If by this point you’ve gone to interview, communication is very important. An email telling me the top-level notes of your interview can help me with context and I can support your next steps accordingly. Alternatively, if I have the time, I may reach out and give you a phone call.
In either case, patience is key, and respect is a two-way street. If someone was to frantically reach out to you on a repeated basis with high expectations too early, how would you react?
A handwritten note is also appreciated
One of the most outstanding ways a candidate has followed-up with me, despite not receiving an offer, was a handwritten note mailed to my office. This showed not only integrity and I would recommend others to think outside the box similar to this as it can definitely leave a lasting impression.
Founder & Managing Director, The Recruitment Lab
If you are going to follow-up with a recruiter; do it once, do it professionally, be timely and be nice! The last thing you want to do is appear desperate or worse start auditioning for the role of their latest stalker.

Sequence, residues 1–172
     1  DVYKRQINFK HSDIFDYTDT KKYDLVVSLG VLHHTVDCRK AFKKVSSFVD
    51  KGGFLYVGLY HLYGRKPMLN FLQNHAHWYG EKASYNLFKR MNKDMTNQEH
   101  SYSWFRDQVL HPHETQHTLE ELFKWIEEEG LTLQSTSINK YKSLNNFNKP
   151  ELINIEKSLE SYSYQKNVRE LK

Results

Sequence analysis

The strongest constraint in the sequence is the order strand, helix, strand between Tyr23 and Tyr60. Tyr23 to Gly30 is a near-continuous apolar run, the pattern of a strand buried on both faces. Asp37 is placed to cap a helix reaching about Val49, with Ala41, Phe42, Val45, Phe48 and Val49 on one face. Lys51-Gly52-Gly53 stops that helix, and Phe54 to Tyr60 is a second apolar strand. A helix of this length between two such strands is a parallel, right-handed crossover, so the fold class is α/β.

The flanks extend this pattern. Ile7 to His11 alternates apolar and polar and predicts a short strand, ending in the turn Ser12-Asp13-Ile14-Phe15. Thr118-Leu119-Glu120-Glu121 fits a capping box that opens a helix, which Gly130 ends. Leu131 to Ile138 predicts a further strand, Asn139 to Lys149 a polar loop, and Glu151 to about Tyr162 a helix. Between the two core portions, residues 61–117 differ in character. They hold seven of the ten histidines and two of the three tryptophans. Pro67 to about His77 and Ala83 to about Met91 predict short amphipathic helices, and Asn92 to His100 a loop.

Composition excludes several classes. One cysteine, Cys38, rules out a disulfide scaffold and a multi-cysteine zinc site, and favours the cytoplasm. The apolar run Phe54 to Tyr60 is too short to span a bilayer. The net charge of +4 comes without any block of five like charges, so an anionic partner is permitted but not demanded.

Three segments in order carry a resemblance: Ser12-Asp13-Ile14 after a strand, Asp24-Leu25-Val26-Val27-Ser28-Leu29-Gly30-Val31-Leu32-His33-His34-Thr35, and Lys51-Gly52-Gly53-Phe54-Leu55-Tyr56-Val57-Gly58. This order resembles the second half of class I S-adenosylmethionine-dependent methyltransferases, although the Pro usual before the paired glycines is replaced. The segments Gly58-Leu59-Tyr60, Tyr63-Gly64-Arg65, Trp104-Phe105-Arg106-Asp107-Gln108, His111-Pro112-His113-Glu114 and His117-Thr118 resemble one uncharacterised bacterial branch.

A simple e-mail just asking if the recruiter has an update following your interview or application is enough
That allows a busy recruiter the chance to reply in kind with a genuine/meaningful response and update. Phoning a recruiter several times a day (as I have experienced) doesn’t actually achieve anything.
Likewise, be timely in your follow-up, if you applied for a role or interviewed at 10 am, don’t chase the recruiter before noon on the same day!
The recruiter is typically waiting on other decision makers to give their input. All of that said, any recruiter who is good at their job will naturally be talking and communicating with you.
They should be contacting you after your application or interview and they should be putting down markers as to what the next steps are and when they hope to be speaking with you again.
If your recruiter is not responsive and is not communicating with you across various channels, maybe you have the wrong recruiter and need to consider your options.
Senior Recruiter, The James Allen Companies
Don’t call me, I’ll call you
As a recruiter, I am client focused and typically reaching out to candidates to talk about specific positions we are working on.